IGDN’s Member Spotlight series is a chance for our members to share their interests. Each Member Spotlight post reflects the unique viewpoint of the author, and does not represent the views of the rest of the IGDN or its membership.
I grew up playing Magic, D&D, Warhammer, and other games you find at hobby stores. Nowadays, I design games for families and children that are purchased by mainstream consumers at retailers like Target and Wal-Mart. Involvement in both worlds has taught me about a few differences between these markets.
1. Mass-market companies expect a large volume of sales.
It is important to understand the difference in scale between the hobby and mainstream games. Mass-market games I have designed which sold from 20,000 to 100,000 units were considered failures, even though these numbers sound large in the hobby market. Only games that sold 200,000 or more units in a year were seen as successes. Results like this often require immense efforts from skilled designers and large marketing teams.
2. Casual and hobby gamers want different things from games.
In contrast to hobby gamers, mass-market gamers (“casuals”) prefer simple games. Some people attribute this to a casual gamer’s intelligence. This is an insulting assumption. The true difference is hobby gamers are interested in gaming as a primary source of entertainment. Casuals see games as a fun distraction, but their primary interests are elsewhere.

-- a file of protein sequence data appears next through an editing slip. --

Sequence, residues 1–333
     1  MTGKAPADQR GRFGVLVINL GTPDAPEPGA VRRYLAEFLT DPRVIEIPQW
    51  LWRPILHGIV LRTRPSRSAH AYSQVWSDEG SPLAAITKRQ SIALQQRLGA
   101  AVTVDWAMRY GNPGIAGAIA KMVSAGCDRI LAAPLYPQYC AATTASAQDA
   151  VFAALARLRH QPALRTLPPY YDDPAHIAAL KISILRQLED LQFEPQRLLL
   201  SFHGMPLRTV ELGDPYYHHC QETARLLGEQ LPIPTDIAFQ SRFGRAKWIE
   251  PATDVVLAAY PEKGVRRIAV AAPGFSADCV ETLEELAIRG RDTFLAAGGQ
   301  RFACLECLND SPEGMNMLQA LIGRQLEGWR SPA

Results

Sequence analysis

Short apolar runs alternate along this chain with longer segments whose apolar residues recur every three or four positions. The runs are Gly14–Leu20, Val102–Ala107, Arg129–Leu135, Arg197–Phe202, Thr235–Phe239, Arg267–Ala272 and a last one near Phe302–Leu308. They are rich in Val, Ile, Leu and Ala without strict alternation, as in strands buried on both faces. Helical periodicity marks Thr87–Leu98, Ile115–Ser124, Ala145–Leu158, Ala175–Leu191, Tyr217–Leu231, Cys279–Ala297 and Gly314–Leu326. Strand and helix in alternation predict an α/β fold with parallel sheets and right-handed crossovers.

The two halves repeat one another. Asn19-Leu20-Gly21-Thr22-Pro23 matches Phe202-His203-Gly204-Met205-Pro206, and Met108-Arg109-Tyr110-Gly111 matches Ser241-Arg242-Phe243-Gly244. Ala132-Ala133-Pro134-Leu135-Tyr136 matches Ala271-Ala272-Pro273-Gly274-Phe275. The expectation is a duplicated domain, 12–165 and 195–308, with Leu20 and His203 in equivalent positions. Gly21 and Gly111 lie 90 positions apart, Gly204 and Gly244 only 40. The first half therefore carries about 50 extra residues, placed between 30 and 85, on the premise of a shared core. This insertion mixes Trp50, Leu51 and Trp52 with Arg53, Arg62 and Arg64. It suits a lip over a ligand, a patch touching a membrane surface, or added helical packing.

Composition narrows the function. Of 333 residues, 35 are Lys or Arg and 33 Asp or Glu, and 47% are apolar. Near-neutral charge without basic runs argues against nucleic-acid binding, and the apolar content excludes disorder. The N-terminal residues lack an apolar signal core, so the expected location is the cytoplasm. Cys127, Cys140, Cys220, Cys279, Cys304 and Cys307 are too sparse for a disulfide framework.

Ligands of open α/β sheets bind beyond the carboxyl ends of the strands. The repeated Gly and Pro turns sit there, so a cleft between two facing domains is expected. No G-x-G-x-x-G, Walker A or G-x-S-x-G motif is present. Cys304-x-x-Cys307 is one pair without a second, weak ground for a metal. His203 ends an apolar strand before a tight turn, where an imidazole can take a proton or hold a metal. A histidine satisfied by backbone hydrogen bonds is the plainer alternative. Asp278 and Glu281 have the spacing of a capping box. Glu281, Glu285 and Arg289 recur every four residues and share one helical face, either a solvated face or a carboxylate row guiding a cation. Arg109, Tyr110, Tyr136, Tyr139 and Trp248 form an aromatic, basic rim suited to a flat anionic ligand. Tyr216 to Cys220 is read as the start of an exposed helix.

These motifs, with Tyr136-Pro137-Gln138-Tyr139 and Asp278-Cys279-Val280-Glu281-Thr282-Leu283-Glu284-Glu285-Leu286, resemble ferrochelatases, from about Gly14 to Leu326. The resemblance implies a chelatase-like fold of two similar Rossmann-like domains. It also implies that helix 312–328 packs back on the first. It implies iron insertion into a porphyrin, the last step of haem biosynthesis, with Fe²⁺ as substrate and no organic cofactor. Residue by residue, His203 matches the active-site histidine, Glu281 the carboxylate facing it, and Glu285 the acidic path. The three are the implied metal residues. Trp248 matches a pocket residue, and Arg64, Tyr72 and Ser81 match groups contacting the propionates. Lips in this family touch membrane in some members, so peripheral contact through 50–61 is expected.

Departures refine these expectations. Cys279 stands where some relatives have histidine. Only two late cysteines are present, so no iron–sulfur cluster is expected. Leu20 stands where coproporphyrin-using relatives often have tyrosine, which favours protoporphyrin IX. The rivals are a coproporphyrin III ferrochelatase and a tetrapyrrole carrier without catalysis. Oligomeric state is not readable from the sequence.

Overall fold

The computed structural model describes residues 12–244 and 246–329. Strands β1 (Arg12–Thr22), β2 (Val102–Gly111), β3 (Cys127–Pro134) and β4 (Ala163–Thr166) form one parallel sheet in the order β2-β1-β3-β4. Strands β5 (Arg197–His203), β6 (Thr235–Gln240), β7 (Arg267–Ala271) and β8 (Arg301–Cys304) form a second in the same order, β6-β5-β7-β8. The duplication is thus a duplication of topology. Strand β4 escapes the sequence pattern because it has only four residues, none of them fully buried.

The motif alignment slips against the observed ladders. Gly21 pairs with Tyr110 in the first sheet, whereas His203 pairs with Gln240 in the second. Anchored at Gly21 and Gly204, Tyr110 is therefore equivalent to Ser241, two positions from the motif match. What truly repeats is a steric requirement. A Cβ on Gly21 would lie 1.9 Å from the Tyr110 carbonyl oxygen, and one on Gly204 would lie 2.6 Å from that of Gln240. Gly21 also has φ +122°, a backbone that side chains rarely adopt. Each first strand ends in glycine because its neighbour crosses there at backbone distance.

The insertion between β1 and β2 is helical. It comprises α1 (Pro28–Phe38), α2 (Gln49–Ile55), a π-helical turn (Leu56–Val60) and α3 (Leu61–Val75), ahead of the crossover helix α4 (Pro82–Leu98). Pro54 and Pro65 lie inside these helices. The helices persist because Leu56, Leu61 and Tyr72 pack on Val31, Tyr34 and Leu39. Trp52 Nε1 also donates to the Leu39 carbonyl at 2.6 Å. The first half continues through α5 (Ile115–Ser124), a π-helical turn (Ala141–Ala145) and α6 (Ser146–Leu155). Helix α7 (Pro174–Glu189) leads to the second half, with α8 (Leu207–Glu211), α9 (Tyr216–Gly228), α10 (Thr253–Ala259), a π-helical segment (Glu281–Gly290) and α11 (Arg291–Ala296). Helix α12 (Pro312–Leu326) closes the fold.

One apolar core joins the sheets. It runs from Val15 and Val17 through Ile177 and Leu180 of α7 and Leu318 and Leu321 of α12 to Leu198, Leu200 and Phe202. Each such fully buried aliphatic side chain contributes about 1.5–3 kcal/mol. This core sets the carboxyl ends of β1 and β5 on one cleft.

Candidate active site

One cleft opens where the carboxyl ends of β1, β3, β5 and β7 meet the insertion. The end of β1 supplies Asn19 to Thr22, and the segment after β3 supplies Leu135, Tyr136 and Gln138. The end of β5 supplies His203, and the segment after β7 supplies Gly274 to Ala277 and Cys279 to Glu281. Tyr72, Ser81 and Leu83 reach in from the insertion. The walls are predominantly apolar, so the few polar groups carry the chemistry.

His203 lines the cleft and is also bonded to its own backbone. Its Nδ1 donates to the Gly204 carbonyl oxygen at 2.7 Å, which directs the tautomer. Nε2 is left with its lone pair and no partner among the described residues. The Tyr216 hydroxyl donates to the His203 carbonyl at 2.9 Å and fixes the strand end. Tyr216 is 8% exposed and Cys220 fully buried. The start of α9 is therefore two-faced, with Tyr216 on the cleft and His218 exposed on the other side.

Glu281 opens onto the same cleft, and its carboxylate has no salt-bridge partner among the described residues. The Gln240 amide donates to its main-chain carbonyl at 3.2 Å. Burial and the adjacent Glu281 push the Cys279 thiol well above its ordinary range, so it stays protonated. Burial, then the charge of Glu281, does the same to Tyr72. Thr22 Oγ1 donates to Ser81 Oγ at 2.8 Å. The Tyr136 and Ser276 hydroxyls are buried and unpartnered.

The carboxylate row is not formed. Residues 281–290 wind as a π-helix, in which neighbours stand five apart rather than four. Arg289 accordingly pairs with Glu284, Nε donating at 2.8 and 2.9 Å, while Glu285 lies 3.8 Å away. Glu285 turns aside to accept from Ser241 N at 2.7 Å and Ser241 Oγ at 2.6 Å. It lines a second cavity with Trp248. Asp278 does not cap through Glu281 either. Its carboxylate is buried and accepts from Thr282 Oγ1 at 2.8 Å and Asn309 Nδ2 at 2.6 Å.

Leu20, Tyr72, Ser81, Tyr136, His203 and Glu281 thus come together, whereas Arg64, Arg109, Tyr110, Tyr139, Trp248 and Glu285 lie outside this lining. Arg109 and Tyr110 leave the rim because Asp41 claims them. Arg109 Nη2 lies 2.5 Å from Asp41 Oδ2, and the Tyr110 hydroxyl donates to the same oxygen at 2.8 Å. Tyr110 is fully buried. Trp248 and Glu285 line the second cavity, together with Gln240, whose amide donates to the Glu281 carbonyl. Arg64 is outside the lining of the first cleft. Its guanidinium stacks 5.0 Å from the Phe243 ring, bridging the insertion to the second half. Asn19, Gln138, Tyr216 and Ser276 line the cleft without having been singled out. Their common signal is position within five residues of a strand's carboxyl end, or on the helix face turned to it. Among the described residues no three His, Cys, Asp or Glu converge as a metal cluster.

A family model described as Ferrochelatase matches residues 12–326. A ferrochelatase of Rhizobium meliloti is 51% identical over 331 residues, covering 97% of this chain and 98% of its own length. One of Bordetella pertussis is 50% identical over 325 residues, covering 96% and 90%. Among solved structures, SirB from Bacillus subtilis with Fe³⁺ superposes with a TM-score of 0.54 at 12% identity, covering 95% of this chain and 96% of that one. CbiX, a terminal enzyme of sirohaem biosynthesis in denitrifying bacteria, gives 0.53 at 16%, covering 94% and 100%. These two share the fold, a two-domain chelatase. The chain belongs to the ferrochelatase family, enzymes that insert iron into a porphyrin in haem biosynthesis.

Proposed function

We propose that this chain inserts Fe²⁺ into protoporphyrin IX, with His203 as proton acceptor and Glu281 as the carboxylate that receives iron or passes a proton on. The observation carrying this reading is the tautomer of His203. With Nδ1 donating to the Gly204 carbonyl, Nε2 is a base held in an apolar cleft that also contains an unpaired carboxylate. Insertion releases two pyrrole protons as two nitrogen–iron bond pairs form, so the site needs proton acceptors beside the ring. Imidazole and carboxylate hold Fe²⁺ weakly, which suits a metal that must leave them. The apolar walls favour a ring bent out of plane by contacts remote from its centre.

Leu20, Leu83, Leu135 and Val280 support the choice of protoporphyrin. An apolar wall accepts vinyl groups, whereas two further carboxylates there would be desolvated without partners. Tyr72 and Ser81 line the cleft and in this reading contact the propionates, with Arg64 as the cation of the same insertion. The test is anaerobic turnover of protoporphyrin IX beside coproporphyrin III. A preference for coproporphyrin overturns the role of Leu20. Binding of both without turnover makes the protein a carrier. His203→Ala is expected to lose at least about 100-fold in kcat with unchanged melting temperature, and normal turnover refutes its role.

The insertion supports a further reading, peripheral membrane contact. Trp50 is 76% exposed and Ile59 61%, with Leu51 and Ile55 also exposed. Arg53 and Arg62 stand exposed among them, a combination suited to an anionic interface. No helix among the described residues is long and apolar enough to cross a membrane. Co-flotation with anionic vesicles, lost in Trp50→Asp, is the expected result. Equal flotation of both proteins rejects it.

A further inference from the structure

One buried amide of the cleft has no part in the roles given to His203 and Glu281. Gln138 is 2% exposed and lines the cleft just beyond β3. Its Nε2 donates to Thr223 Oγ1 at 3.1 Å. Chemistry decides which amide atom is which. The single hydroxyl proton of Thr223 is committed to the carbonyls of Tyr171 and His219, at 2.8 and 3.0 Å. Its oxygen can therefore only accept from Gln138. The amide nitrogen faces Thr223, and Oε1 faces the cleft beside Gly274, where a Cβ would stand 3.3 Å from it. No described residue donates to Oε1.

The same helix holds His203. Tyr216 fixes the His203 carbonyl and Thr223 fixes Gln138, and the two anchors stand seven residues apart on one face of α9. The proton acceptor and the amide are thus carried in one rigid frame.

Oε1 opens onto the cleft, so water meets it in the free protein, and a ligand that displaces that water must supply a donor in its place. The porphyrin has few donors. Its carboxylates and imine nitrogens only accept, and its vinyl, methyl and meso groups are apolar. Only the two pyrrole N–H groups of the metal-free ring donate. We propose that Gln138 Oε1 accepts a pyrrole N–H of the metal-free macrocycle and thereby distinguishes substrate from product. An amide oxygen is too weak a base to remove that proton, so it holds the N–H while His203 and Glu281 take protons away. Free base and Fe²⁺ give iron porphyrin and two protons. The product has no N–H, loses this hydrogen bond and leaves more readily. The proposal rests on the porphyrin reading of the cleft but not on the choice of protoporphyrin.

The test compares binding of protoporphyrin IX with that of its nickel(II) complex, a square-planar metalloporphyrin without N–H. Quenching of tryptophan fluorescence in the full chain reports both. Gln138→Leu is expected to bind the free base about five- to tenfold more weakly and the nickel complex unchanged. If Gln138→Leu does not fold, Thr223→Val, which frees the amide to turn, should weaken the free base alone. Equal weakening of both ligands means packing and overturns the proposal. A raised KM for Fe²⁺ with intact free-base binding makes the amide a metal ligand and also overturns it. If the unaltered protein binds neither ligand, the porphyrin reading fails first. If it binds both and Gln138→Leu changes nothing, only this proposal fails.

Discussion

3. Interest is the key driver behind what you choose to play.
Hobby gamers will sit down to play a complex game they know nothing about to broaden their experience. However, casual gamers worry about losing time and mental energy that could be spent on something they might enjoy more. As such, it’s difficult to get casuals to risk playing – and especially purchase – an unfamiliar game. You have to find powerful communication to capture their attention, time, and money.
4. Investment shapes communication.
Highly invested gamers have acquired a subconscious cluster of visual cues, game mechanics, story themes, jargon, etc., to interpret new experiences. Uninitiated casuals have no such advantage. This makes simple and culturally familiar experiences easier to communicate. They perceive such games as lower-risk investments.
This phenomenon makes classic games such as Sorry and Monopoly everlasting, despite some opinions they aren’t very fun. When the occasional mood to play a board game strikes, Sorry offers an experience both simple and familiar. Monopoly isn’t simple compared to Sorry, but is so widely known that it’s a cultural icon.
5. Designing new experiences for casual consumers is difficult.
It is difficult to make something that feels familiar and is easy to learn, yet still fresh and fun. The palette of mechanics you can employ is limited, and themes must be inherently appealing or trendy. This balancing act can apply to hobby gamers as well, but they have a wider language of mechanics and theme trends. Finding the perfect intersection of fresh and familiar is extremely difficult. It can take collective knowledge of an entire team to get it right.
6. The American game audience is changing.
For designers of hobby games, the good news is that the market is growing every day. Video games and apps have made complex game mechanics accessible, and digital gaming’s high entertainment value makes classic board games less appealing. Consumers are starting to desire more novel experiences found in hobby games, and each year it becomes easier to turn an uninterested gamer into an engaged one.
Dustin DePenning has worked in the gaming industry since 2008, first at Hasbro and now at Spin Master Games. In his off-time, he is developing an RPG called Synthicide.